Understanding Medicare's Mental Health Treatment Limitation
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Medicare significantly limits its mental health coverage, but you can protect your bottom line by knowing the rules.
Fam Pract Manag. 2000 Nov-Dec;7(10):15-16.
Unfortunately, when you provide mental health services to your Medicare patients, your usual Medicare payments are reduced. By holding the patient responsible for the difference between the amount paid by Medicare and the full allowed amount, you should still be able to collect what you usually would for the service. The key is understanding Medicare's outpatient mental health treatment limitation well enough that you know what services it applies to and can explain it to your patients.
What is the limitation?
By law, Medicare payment for outpatient mental health services is limited to 62.5 percent of covered expenses incurred in any calendar year in connection with the treatment of a mental, psychoneurotic or personality disorder for an individual who is not an inpatient of a hospital at the time the expenses are incurred.
What does it include?
Three key components of the definition determine the scope of the limitation:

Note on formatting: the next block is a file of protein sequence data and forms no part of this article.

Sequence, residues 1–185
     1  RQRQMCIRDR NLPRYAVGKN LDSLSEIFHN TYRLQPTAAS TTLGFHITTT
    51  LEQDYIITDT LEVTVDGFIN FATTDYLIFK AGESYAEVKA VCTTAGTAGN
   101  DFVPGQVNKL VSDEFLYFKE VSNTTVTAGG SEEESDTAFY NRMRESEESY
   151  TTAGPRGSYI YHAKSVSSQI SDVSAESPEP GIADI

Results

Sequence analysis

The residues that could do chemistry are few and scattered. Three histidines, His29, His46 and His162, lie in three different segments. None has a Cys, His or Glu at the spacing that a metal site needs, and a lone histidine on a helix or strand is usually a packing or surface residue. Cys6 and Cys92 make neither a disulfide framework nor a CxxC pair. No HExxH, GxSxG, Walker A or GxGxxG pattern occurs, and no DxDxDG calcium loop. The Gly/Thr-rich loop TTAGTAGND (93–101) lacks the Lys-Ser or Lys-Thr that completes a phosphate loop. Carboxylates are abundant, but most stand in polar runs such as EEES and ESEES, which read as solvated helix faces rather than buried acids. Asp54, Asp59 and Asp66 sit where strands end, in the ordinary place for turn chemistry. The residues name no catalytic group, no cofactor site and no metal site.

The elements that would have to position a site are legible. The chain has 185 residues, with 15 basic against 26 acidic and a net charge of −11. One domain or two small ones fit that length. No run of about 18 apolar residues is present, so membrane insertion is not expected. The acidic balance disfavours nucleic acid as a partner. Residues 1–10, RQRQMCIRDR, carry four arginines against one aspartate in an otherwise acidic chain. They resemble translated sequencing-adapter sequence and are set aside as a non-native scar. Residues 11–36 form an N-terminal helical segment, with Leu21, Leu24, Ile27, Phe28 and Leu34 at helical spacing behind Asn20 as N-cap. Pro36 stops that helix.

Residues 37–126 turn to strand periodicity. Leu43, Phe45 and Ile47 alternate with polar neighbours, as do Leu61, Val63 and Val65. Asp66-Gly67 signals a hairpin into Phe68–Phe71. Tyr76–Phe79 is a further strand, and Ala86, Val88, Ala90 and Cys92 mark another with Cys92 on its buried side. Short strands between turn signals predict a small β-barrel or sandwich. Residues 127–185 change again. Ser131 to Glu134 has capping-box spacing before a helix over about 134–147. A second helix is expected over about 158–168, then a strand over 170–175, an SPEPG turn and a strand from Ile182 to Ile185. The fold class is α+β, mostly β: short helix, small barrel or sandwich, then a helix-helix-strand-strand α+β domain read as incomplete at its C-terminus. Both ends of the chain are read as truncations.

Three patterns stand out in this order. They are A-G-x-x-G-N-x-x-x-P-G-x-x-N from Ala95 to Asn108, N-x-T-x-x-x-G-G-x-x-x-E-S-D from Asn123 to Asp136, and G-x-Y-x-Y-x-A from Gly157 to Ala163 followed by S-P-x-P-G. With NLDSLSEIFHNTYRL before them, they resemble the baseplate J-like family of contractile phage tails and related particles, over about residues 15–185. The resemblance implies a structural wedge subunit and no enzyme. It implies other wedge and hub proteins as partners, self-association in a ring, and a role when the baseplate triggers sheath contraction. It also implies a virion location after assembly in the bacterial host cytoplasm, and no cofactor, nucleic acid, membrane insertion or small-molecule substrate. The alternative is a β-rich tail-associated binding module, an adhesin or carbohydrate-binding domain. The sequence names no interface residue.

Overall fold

“Treatment.” The limitation applies to treatment; it does not generally apply to diagnosis.
“Mental, psychoneurotic, or personality disorder.” The limitation applies to the specific psychiatric conditions described in the American Psychiatric Association's Diagnostic and Statistical Manual of Mental Disorders (DSM).
“An individual who is not an inpatient of a hospital.” The limitation applies to services provided in outpatient departments, a physician's office, the patient's home, a skilled nursing facility, etc., including services provided at comprehensive outpatient rehabilitation facilities. Items and supplies furnished by physicians or other mental health professionals in connection with treatment are also subject to the limitation.
What isn't included?
While Medicare's outpatient mental health treatment limitation can seem pretty broad, there are services that fall outside its scope, including the following: